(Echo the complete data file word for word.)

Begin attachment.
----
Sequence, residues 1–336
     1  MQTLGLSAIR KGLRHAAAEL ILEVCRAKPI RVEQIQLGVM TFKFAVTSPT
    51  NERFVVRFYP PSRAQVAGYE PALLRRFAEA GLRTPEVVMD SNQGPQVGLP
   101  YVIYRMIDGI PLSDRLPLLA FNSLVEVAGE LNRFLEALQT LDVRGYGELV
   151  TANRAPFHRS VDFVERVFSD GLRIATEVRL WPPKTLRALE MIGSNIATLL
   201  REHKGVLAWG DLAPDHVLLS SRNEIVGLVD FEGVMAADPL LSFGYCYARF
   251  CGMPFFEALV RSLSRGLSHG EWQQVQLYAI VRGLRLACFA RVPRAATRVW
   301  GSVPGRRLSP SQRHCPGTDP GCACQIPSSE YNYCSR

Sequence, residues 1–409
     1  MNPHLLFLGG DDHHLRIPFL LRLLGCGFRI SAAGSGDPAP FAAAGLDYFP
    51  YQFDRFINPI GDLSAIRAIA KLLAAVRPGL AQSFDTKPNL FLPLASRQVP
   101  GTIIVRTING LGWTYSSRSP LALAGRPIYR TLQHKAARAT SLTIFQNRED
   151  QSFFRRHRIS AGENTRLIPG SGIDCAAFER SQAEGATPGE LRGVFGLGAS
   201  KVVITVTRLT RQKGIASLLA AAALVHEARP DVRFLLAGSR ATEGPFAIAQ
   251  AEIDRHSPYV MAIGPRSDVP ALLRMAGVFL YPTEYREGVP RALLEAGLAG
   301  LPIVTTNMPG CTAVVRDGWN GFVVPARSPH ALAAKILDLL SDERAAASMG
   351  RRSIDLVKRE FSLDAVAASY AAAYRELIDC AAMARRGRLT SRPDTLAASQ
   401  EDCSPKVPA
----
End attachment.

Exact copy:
Sequence, residues 1–336
     1  MQTLGLSAIR KGLRHAAAEL ILEVCRAKPI RVEQIQLGVM TFKFAVTSPT
    51  NERFVVRFYP PSRAQVAGYE PALLRRFAEA GLRTPEVVMD SNQGPQVGLP
   101  YVIYRMIDGI PLSDRLPLLA FNSLVEVAGE LNRFLEALQT LDVRGYGELV
   151  TANRAPFHRS VDFVERVFSD GLRIATEVRL WPPKTLRALE MIGSNIATLL
   201  REHKGVLAWG DLAPDHVLLS SRNEIVGLVD FEGVMAADPL LSFGYCYARF
   251  CGMPFFEALV RSLSRGLSHG EWQQVQLYAI VRGLRLACFA RVPRAATRVW
   301  GSVPGRRLSP SQRHCPGTDP GCACQIPSSE YNYCSR

Sequence, residues 1–409
     1  MNPHLLFLGG DDHHLRIPFL LRLLGCGFRI SAAGSGDPAP FAAAGLDYFP
    51  YQFDRFINPI GDLSAIRAIA KLLAAVRPGL AQSFDTKPNL FLPLASRQVP
   101  GTIIVRTING LGWTYSSRSP LALAGRPIYR TLQHKAARAT SLTIFQNRED
   151  QSFFRRHRIS AGENTRLIPG SGIDCAAFER SQAEGATPGE LRGVFGLGAS
   201  KVVITVTRLT RQKGIASLLA AAALVHEARP DVRFLLAGSR ATEGPFAIAQ
   251  AEIDRHSPYV MAIGPRSDVP ALLRMAGVFL YPTEYREGVP RALLEAGLAG
   301  LPIVTTNMPG CTAVVRDGWN GFVVPARSPH ALAAKILDLL SDERAAASMG
   351  RRSIDLVKRE FSLDAVAASY AAAYRELIDC AAMARRGRLT SRPDTLAASQ
   401  EDCSPKVPA